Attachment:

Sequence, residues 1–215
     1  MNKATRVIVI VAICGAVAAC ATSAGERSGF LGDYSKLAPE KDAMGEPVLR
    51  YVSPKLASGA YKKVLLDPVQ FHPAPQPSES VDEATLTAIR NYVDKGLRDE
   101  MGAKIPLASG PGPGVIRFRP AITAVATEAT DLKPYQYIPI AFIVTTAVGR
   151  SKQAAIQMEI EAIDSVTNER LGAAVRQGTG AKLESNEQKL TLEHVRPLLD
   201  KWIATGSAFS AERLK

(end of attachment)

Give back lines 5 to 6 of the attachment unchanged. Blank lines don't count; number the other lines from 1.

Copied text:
   151  SKQAAIQMEI EAIDSVTNER LGAAVRQGTG AKLESNEQKL TLEHVRPLLD
   201  KWIATGSAFS AERLK